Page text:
A former South Carolina school official has been indicted on mail and wire fraud charges in connection with a U.S. government program intended to bring the Internet to schools and libraries in poor areas, the U.S. Department of Justice (DOJ) announced Thursday.
The charges stem from alleged fraudulent applications for funding under the E-Rate program that former technology director Cynthia K. Ayer submitted on behalf of Bamberg County School District One in South Carolina, the DOJ said. The E-Rate program, administered by the private Universal Service Administrative Co., has come under fire in the U.S. Congress in recent years after numerous reports of fraud and abuse.
The federal grand jury in Columbia, South Carolina, returned a 12-count indictment against Ayer Wednesday. The charges include 10 counts of mail fraud and two counts of wire fraud.
Between April 1999 and February 2003, Ayer used her position as the school district’s technology director to award technology contracts to her company, Go Between Communications, according to the indictment. Ayer is charged with submitting fraudulent applications for E-Rate funding of more than US$3.5 million without a competitive bidding process. Ayer fraudulently obtained $468,496 in E-Rate payments, the indictment said.
Including the charges against Ayer, 11 people and 10 companies have been charged as part of the DOJ Antitrust Division’s ongoing investigation into fraud and anticompetitive conduct in the E-Rate program, DOJ said. Six companies and three people have either pleaded guilty, agreed to plead guilty or have entered civil settlements. The defendants have agreed to pay criminal fines and restitution totaling more than $40 million.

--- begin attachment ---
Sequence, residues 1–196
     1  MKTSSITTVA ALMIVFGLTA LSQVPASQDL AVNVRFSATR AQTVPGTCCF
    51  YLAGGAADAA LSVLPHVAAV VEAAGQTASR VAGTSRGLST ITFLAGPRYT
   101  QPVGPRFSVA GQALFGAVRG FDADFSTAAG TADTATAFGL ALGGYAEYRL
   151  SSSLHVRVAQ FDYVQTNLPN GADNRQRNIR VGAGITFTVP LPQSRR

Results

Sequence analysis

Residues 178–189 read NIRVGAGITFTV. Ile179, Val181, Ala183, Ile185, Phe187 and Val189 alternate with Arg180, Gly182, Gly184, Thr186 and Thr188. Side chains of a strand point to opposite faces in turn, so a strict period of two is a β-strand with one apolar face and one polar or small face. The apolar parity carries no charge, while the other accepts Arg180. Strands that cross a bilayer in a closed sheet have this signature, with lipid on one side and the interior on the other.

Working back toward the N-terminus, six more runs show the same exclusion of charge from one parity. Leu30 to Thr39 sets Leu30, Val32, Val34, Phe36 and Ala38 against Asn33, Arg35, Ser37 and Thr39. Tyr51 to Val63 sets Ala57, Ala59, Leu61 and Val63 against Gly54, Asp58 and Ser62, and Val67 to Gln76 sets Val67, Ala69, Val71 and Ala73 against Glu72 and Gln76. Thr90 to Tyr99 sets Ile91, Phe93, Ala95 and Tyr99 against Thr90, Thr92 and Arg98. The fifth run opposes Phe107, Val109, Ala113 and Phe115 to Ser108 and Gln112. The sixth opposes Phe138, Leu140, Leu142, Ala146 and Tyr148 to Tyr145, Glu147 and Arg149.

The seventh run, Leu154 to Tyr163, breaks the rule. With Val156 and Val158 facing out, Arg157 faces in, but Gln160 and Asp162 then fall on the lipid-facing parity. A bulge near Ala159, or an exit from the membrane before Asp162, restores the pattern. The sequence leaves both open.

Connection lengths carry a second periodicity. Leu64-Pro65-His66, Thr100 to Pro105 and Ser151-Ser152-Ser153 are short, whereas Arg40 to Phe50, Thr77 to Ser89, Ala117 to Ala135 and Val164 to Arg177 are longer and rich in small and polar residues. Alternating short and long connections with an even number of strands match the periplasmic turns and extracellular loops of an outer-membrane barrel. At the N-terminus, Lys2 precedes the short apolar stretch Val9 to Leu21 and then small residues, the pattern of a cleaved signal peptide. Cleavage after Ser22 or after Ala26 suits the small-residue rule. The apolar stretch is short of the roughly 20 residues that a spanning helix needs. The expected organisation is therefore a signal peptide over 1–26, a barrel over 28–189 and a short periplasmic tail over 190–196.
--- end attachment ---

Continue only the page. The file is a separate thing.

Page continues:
Two of the defendants have each been sentenced to serve six years in prison.
In May 2004, NEC-Business Network Solutions Inc. pleaded guilty to defrauding the E-Rate program and settled criminal and civil cases through a $20.6 million plea agreement. The company pleaded guilty to one count of wire fraud and one count of violating the Sherman Antitrust Act. In December 2004, Inter-Tel Technologies Inc. agreed to plead guilty and pay fines of $8.71 million on charges of bid rigging and wire fraud.
The E-Rate program, sometimes called the “Gore tax” after E-Rate champion and former Vice President Al Gore, subsidizes Internet access, telecommunications services and internal communications networks, to schools and libraries in poor areas. The program was created by Congress in the Telecommunications Act of 1996, and its $1.9 billion annual budget is funded by telecommunications carriers through the federal Universal Service Fund.
The mail fraud charges against Ayer carry a maximum penalty per count of five years in jail for violations committed before July 30, 2002, or 20 years in jail for violations committed after that date. She also faces a fine of $250,000 plus restitution on each mail fraud charge.
The wire fraud charges carry a maximum penalty per count of 20 years in jail, plus a $250,000 fine.